- The date's era. The ISO chronology has just one era. In the Gregorian and Julian chronologies, C.E. (or A.D.) = 1, and B.C.E. (or B.C.) = 0. By convention, the era containing instance 0 is era 1.
- The half-day (A.M. or P.M.) of this day. A.M. = 0, P.M. = 1.
- The hour of the date's day, in the range 0-23.
- The hour of the date's half-day, in the range 0-11.
- The instant corresponding to this date.
- The integral difference in days between this date and noon Universal Time, January 1, 4173 B.C.E. Julian (November 24, 4714 B.C.E. Gregorian).
- The local time zone offset (standard or daylight saving, as the case may be) in minutes ahead of UTC.
- The minute of the date's day, in the range 0-1439.
- The minute of the date's hour, in the range 0-59.
- The Julian day minus 2400000.5.
- The month of the date's year, in the range 1-12.
- The second of the date's day, in the range 0-86399.
- The second of the date's minute, in the range 0-60 (for leap seconds).
- The standard time zone offset in minutes ahead of UTC.
- The week of the date's week-year, in the range 1-53.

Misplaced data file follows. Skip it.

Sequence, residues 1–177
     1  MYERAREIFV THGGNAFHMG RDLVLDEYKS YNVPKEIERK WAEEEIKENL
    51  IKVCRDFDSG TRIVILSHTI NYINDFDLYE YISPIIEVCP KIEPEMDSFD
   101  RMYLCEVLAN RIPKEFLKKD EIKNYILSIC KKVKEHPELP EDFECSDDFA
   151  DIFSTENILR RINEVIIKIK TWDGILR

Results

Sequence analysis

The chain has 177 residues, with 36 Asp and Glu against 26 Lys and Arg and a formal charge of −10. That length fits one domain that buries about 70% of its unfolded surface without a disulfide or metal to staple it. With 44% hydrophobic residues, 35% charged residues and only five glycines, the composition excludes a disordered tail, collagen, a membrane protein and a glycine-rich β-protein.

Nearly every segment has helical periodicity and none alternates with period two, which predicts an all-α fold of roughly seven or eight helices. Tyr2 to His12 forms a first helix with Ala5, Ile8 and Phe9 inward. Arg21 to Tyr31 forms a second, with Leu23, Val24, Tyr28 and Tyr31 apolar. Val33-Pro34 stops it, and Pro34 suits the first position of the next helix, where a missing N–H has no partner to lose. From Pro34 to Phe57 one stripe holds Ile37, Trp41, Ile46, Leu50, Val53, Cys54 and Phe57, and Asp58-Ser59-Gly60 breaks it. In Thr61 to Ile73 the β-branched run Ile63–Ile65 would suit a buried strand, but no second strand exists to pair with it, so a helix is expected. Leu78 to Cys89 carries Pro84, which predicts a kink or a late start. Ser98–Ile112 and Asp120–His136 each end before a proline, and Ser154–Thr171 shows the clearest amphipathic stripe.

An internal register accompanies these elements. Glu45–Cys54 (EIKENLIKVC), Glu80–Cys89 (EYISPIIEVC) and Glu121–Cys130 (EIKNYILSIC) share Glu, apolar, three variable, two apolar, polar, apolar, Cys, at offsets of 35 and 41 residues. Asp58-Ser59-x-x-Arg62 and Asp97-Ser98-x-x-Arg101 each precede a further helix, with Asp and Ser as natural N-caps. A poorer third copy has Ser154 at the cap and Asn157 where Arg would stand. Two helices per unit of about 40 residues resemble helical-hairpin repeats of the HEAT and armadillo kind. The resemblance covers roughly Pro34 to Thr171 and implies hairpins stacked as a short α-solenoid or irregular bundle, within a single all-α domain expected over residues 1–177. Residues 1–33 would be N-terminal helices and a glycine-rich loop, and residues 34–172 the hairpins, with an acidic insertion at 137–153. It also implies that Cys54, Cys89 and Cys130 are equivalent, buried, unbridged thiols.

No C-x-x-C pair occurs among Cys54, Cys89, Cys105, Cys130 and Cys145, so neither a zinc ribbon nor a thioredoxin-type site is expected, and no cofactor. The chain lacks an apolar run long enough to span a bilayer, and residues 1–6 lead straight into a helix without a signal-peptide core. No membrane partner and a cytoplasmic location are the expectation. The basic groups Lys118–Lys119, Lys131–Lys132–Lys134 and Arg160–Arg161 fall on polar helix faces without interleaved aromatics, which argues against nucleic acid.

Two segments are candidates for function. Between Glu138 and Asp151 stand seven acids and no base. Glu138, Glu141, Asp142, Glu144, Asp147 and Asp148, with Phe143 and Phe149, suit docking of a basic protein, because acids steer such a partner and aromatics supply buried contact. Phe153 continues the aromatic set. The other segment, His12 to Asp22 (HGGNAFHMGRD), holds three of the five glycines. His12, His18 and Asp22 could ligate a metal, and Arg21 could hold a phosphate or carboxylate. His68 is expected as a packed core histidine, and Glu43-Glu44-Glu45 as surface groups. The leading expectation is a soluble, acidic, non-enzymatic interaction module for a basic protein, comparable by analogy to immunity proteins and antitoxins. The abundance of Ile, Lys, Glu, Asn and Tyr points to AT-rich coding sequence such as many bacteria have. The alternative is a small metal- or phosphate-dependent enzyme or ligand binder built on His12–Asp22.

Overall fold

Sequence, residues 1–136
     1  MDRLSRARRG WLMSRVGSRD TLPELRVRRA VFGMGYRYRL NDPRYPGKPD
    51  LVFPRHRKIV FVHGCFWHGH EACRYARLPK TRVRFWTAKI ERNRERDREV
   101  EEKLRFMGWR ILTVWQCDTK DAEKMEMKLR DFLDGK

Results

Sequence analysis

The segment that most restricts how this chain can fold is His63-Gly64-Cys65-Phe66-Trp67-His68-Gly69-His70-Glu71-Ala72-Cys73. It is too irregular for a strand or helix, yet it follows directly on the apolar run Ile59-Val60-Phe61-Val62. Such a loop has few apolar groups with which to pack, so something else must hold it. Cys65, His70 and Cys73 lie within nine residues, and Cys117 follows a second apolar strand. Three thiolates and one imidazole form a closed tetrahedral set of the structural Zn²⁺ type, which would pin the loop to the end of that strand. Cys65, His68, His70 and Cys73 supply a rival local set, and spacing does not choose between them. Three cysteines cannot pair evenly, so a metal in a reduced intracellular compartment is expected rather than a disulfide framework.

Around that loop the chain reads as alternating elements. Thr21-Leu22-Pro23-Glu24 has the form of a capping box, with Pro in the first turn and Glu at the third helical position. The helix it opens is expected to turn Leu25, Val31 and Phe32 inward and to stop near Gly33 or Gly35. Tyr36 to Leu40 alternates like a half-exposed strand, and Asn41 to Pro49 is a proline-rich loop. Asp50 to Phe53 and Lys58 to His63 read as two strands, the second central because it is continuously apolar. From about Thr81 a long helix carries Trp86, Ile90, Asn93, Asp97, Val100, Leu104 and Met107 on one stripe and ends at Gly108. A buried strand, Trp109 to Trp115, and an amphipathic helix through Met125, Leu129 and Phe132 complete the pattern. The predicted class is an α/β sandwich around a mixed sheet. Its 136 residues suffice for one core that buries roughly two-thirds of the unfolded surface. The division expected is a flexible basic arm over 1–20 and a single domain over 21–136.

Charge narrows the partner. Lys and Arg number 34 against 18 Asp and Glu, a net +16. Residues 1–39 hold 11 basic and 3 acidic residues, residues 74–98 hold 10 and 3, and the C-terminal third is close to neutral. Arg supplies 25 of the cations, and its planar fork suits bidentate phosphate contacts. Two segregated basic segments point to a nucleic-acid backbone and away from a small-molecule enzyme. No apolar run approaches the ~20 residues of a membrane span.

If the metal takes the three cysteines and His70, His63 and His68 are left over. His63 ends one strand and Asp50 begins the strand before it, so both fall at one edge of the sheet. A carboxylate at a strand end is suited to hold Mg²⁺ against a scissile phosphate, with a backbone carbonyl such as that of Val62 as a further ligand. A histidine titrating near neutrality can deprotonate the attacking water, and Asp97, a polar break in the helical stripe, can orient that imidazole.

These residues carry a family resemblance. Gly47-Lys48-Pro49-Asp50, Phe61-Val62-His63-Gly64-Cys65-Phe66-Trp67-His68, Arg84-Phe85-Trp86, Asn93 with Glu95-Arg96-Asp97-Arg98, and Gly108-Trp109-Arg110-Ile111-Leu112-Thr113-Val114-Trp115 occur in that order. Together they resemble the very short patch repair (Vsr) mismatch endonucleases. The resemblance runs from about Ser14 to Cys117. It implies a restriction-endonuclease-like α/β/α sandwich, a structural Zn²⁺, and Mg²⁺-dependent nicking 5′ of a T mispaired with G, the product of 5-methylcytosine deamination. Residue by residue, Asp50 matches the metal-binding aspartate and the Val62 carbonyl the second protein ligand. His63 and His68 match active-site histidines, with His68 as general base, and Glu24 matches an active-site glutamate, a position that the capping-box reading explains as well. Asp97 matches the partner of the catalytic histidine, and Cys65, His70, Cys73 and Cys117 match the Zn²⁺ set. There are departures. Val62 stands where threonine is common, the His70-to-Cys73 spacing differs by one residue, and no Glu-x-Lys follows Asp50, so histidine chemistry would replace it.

- The date's week-year, which in the ISO chronology begins on the week that has at least 4 days in the chronological year.
- The week-year of the date's century. The range is the same as for year-of-century.
- The absolute year of the date. In the ISO chronology, 43 B.C.E. is -42; in the Gregorian and Julian chronologies, it is -43.
- The year of the date's century. In the ISO chronology, the range is 0-99. In the Gregorian and Julian chronologies, the range is 1-100.
- The year of the date's era. In the Gregorian and Julian chronologies, the value cannot be 0.
A comparator suitable for ordering date objects by their underlying instants.
Returns #t if obj is an object signaled by an error as specified above, and #f otherwise.